[RO] What happens when you start to make objects and subjects out of memory?

[Z B-M]: “It’s the beginning of forgetting.” “The room is empty. The only furniture is two chairs and a table.” “She switches on the lights. And lies herself down in the middle of the light, where she has dragged the sheets.”

You miss out details or you put too many details in. You miss out details because you know the back story and forget that the reader doesn’t, or you put in unnecessary details because you get distracted by the memory and try to recreate or represent a particular situation, rather than focusing on a feeling.

You can get lost inside the memory and become exhausted, trying to navigate it from the inside. You can decide to alter a memory and write something that isn’t ‘true,’ but then later that something can turn out to be ‘true,’ or more accurate to ‘real life’ than you thought.

[RO]:Can you tell us a little about your use of footnotes in the book? Are they apertures to things outside of the main text or do they point to the holes already blistering the so-called main story?

[Z B-M]: The footnotes function both as openings to things outside of the main text as well as pointing to holes in the main story. The footnotes interrupt the ‘absorptive’ flow of the confessional narrative, but their tone is more lyrical than academic or explanatory. They add another layer of time and identity. All of the footnotes come from novels by Marguerite Duras and Marguerite Yourcenar, so a Marguerite comments on the life of another Marguerite. The footnotes act as a kind of fragmented (auto)biography of the books they come from, while adding details to another redacted autobiography… and the autobiography is a story within a story. The footnotes exist in a different time space than the main text… and the narrator who is writing the autobiography put the footnotes there as part of a way of reinterpreting the past in the present, sometimes adding metaphorical details, sometimes adding self-aware notes like, ‘Cheap melodrama’. I also see the footnotes as another voice, another monologue, in the play of Marguerite’s life. Or maybe like experimental stage directions. The reader experiences both being a witness and an actor (like the narrator) because they have to participate in piecing together the main narrative text as well as welding the footnotes to the text.  The form (the half-finished sentences + the footnotes) is a kind of performance of the process of remembering, and reinterpreting the past.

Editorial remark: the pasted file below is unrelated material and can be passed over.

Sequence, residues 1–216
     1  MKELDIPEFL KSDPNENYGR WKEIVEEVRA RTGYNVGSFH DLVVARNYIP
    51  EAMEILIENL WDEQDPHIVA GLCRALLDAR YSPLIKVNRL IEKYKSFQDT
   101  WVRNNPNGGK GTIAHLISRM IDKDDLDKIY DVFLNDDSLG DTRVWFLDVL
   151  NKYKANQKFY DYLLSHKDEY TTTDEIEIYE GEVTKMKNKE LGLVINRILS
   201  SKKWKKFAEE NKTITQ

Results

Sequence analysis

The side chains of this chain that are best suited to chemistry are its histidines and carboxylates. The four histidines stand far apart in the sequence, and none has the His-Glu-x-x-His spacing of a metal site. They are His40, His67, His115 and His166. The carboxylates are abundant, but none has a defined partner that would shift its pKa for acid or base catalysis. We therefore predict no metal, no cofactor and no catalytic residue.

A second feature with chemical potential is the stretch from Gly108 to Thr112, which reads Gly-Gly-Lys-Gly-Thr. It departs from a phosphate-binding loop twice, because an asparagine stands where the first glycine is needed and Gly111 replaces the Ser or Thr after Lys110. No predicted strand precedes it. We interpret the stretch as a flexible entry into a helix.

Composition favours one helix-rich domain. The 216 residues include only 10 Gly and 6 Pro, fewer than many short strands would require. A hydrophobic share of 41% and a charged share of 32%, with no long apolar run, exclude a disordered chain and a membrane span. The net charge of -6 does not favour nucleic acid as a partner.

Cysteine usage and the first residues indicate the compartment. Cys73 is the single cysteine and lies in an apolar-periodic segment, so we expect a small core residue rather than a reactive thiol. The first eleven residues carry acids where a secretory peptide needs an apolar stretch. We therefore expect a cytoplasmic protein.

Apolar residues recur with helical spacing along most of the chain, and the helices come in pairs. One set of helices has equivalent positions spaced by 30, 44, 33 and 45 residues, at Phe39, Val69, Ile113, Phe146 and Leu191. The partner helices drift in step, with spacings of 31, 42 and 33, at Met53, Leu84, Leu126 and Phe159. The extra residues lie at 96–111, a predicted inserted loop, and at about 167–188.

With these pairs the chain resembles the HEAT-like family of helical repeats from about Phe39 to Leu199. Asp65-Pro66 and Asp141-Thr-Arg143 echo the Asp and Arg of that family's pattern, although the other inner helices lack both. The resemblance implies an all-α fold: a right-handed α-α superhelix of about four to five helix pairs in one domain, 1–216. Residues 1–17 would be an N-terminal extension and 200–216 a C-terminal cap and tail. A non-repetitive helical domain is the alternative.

[RO]: What draws you to reflect on moments of miscommunication and the scary moments of real understanding?

[Z B-M]: Because something has to be at stake – for me as the writer, and for the reader. “‘Pain is not interesting,’ but it is.” And your whole life script can be based on a few moments of miscommunication.

[RO] Does illness mean you locate yourself in time differently? And what was your motivation for giving visibility to illness in the book?